Nonetheless, natural gas demand is expected to grow at 1.7% annually. Crude oil demand growth of 0.3% reflects rising non-combusted demand, such as for plastics and lubricants offsetting less from private vehicles. Aviation demand will grow.

The U.S. is supremely well positioned for these long term trends. Production costs are falling, and the short-cycle nature of shale (see The Short Cycle Advantage of Shale) continues to attract capital at a time when 20 year investments in oil and gas projects are exceptionally hard to assess.

U.S. midstream energy infrastructure will remain vital to meeting the world’s growing demand for oil, gas and natural gas liquids, even while the multi-decade transition to non-fossil fuels is underway. The sector remains attractively valued after a strong couple of months, with distributable cash flow yields above 10%, substantially higher than REITs’ equivalent funds from operations yields of around 6%. From our vantage point, rising dividends are drawing in new investors.

SL Advisors is the sub-advisor to the Catalyst MLP & Infrastructure Fund.  To learn more about the Fund, please click here.

SL Advisors is also the advisor to an ETF (

Print Friendly, PDF & Email
1 reply
  1. Marcus Pun
    Marcus Pun says:

    Perhaps your natural gas projections are overly optimistic. California, the 5th largest economy in the world, has made major increases in solar and conservation while significantly cutting back the need for natural gas. In 2017, natural gas accounted for 98,315 GWh or a third of the state’s electricity supply. This it’s both in state and out of state sources. This is significantly less than 2014, where at 44.49% of supply, natural gas accounted for 132,157 GWh. Gas use dropped by one quarter in only 3 years. Solar electricity went up from 12,954 to 29,796GWh. Overall system demand dropped from 297,063 to 292,039 GWh. Hidden in that statistic is an incredibly large build out of behind the meter generation, estimated to be at 6.5GW. Many of these are large scale private or public multi megawatt installations. The Budweiser plant near Fairfield has 7 acres of solar. It’s typical to see large installations covering school and business parking lots all over Calufornia. Tesla and other companies recently started installing battery systems of 1 MWh or higher on site. A single Tesla system with 5 units has the same footprint as a walk in closet. Cal-ISO note lists storage as part of its daily presentation of energy data. In summation, at least for California’s extensive energy market, gas has significantly declined as part of the state energy mix. This decline will continue for up 6- 10 years, until it is at least less than 10% of the state’s energy mix as solar, wind, and battery sources rapidly grow along with out of state grid connected resources. Behind the meter solar, wind ( The Budweiser plant has two large wind turbines), and storage will also continue their rapid growth, along with further conservation efforts such as the transition to LED lighting, which increases energy resilience and lessens average demand on the grid. The main source of energy growth will be in EV charging. Again, however, in both private and the public sector, solar and other renewables will take that up in site. Just an observation, but nearly every large installation of 300 KW or higher that I ‘ve seen around the SF Bay Area has EV charging. Individual homeowners often purchase solar as in house demand electricity increases. I also note that solar is making huge inroads in developing nations, especially in Africa as it doesn’t require large investments in infrastructure as centralized plants do. The term “stranded resources” will be much more prevalent in the near future than you think.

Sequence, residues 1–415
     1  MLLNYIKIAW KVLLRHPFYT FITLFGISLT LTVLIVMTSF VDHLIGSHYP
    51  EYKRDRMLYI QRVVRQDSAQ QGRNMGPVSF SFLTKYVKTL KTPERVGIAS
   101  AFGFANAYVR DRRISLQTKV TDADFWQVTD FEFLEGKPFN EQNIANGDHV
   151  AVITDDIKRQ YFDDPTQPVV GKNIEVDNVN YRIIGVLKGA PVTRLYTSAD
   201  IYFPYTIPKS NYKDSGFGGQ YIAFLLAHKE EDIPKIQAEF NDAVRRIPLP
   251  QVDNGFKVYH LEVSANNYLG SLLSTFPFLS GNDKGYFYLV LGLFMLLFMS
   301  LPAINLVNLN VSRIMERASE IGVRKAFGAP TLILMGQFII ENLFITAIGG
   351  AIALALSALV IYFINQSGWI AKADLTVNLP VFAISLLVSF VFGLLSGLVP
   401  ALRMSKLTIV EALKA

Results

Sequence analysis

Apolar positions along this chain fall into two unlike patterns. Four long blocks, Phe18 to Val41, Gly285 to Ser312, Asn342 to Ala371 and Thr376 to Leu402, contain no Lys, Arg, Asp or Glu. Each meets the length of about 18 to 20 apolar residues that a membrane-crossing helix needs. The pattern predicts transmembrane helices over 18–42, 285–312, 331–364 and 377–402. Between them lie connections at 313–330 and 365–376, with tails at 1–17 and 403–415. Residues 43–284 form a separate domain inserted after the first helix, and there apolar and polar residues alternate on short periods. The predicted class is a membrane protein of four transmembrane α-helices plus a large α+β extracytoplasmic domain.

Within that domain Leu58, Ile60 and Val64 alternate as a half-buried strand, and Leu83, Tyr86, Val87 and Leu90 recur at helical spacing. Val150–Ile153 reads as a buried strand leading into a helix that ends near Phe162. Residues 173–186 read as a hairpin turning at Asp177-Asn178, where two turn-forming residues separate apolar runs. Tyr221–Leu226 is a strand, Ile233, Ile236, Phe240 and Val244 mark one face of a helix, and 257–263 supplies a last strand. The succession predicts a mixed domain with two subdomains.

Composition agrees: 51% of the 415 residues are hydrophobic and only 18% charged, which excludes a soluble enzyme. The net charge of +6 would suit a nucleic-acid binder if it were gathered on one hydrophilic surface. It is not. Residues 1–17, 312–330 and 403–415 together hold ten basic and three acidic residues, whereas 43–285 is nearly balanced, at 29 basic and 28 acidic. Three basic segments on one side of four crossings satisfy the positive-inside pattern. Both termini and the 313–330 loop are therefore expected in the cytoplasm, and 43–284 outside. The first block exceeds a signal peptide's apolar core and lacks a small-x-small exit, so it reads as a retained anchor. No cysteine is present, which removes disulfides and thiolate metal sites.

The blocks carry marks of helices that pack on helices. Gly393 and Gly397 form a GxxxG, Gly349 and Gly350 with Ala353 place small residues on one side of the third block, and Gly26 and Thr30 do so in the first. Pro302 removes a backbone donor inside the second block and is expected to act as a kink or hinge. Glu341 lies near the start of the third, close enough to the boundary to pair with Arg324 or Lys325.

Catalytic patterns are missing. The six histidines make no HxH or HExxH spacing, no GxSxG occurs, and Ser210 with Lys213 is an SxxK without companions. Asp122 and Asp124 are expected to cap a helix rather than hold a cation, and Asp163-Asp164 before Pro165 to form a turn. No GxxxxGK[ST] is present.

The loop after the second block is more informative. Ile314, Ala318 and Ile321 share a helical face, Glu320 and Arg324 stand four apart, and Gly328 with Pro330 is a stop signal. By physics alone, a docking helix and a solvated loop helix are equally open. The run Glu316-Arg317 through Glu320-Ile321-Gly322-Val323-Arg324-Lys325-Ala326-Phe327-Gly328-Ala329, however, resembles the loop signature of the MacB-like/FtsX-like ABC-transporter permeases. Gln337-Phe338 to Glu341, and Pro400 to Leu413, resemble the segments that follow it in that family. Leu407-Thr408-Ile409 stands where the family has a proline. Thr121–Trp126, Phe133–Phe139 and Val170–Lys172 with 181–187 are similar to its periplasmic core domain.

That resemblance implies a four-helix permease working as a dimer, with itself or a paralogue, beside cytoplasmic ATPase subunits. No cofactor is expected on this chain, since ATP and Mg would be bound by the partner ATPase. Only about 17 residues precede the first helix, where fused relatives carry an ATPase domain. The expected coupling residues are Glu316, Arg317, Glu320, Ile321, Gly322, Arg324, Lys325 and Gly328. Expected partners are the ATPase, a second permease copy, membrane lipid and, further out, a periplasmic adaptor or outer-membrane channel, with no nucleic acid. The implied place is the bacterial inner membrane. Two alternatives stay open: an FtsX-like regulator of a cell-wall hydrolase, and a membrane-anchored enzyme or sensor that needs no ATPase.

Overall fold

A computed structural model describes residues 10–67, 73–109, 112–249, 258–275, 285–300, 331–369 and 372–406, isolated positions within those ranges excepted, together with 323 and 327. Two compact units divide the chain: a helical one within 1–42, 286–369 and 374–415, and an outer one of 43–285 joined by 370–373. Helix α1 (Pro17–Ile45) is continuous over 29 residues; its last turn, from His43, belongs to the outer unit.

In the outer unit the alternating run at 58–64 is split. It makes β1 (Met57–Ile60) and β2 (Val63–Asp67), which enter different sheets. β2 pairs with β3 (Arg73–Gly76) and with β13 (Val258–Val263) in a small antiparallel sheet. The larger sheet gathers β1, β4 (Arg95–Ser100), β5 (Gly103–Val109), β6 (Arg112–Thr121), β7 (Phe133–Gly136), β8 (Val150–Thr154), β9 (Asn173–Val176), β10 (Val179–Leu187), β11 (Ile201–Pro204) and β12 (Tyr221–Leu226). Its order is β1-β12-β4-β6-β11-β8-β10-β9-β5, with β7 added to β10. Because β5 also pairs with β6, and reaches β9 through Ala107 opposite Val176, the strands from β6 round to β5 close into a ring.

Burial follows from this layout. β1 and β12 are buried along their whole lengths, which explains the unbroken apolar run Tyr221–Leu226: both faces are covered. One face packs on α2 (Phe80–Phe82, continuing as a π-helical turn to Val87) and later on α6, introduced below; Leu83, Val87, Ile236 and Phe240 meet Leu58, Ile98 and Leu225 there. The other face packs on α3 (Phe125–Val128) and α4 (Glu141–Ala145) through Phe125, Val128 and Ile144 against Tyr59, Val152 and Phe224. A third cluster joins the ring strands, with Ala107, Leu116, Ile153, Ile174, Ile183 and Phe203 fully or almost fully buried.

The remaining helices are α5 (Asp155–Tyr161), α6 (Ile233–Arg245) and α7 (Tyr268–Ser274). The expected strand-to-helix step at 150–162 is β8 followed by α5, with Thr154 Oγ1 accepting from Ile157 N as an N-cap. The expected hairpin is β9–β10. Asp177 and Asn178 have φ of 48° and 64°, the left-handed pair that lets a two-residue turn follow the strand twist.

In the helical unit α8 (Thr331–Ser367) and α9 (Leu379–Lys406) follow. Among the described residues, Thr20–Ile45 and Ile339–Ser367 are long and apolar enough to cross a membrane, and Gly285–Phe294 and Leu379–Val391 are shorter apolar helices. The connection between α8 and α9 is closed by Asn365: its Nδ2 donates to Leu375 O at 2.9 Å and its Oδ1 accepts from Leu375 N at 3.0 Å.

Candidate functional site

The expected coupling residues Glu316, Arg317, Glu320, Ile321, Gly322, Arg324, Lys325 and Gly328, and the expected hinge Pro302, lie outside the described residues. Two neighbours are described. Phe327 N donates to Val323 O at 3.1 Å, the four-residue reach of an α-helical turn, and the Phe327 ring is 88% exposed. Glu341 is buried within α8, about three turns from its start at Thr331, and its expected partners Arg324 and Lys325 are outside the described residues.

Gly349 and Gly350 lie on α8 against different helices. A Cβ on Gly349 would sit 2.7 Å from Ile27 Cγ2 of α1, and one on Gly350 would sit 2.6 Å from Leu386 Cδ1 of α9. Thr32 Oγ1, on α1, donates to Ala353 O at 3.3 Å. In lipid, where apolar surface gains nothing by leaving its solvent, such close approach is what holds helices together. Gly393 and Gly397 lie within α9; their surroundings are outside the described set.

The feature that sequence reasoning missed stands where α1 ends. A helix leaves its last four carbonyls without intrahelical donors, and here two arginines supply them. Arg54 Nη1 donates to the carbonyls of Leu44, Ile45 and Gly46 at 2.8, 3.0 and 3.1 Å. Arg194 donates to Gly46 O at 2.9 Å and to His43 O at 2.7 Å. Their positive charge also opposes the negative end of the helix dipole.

Leave a Reply

Want to join the discussion?
Feel free to contribute!

Leave a Reply

Your email address will not be published.

This site uses Akismet to reduce spam. Learn how your comment data is processed.